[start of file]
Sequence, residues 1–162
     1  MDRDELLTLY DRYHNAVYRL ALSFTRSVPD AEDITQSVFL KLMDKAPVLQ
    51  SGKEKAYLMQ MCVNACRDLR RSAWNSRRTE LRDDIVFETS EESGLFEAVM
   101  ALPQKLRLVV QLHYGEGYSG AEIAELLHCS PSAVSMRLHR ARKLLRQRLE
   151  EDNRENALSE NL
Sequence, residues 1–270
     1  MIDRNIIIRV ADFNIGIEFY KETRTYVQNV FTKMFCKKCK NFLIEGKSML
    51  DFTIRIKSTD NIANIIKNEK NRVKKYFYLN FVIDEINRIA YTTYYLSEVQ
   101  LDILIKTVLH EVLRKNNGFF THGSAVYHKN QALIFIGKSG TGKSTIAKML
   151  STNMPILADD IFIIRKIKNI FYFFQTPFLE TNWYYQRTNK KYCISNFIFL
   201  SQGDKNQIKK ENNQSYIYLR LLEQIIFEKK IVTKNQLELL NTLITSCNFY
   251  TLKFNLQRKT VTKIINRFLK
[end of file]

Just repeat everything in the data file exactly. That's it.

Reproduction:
Sequence, residues 1–162
     1  MDRDELLTLY DRYHNAVYRL ALSFTRSVPD AEDITQSVFL KLMDKAPVLQ
    51  SGKEKAYLMQ MCVNACRDLR RSAWNSRRTE LRDDIVFETS EESGLFEAVM
   101  ALPQKLRLVV QLHYGEGYSG AEIAELLHCS PSAVSMRLHR ARKLLRQRLE
   151  EDNRENALSE NL
Sequence, residues 1–270
     1  MIDRNIIIRV ADFNIGIEFY KETRTYVQNV FTKMFCKKCK NFLIEGKSML
    51  DFTIRIKSTD NIANIIKNEK NRVKKYFYLN FVIDEINRIA YTTYYLSEVQ
   101  LDILIKTVLH EVLRKNNGFF THGSAVYHKN QALIFIGKSG TGKSTIAKML
   151  STNMPILADD IFIIRKIKNI FYFFQTPFLE TNWYYQRTNK KYCISNFIFL
   201  SQGDKNQIKK ENNQSYIYLR LLEQIIFEKK IVTKNQLELL NTLITSCNFY
   251  TLKFNLQRKT VTKIINRFLK